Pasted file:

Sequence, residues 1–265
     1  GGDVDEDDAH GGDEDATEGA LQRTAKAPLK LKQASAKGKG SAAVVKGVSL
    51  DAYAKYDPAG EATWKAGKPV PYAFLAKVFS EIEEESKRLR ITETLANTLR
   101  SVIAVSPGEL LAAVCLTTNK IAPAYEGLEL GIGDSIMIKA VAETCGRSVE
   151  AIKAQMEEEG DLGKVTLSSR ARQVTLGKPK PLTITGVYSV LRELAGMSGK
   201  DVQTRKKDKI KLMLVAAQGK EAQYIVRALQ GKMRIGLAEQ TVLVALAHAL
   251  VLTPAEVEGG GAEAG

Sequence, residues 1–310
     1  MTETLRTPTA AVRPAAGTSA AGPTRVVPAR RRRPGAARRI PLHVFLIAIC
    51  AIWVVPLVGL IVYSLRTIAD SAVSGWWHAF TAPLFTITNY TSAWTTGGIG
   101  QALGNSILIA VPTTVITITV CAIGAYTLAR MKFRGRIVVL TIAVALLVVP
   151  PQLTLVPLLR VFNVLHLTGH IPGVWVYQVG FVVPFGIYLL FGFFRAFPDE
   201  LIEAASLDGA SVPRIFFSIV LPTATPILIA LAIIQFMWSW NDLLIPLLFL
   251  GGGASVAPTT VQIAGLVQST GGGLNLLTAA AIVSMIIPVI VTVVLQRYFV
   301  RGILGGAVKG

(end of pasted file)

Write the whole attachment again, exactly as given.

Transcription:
Sequence, residues 1–265
     1  GGDVDEDDAH GGDEDATEGA LQRTAKAPLK LKQASAKGKG SAAVVKGVSL
    51  DAYAKYDPAG EATWKAGKPV PYAFLAKVFS EIEEESKRLR ITETLANTLR
   101  SVIAVSPGEL LAAVCLTTNK IAPAYEGLEL GIGDSIMIKA VAETCGRSVE
   151  AIKAQMEEEG DLGKVTLSSR ARQVTLGKPK PLTITGVYSV LRELAGMSGK
   201  DVQTRKKDKI KLMLVAAQGK EAQYIVRALQ GKMRIGLAEQ TVLVALAHAL
   251  VLTPAEVEGG GAEAG

Sequence, residues 1–310
     1  MTETLRTPTA AVRPAAGTSA AGPTRVVPAR RRRPGAARRI PLHVFLIAIC
    51  AIWVVPLVGL IVYSLRTIAD SAVSGWWHAF TAPLFTITNY TSAWTTGGIG
   101  QALGNSILIA VPTTVITITV CAIGAYTLAR MKFRGRIVVL TIAVALLVVP
   151  PQLTLVPLLR VFNVLHLTGH IPGVWVYQVG FVVPFGIYLL FGFFRAFPDE
   201  LIEAASLDGA SVPRIFFSIV LPTATPILIA LAIIQFMWSW NDLLIPLLFL
   251  GGGASVAPTT VQIAGLVQST GGGLNLLTAA AIVSMIIPVI VTVVLQRYFV
   301  RGILGGAVKG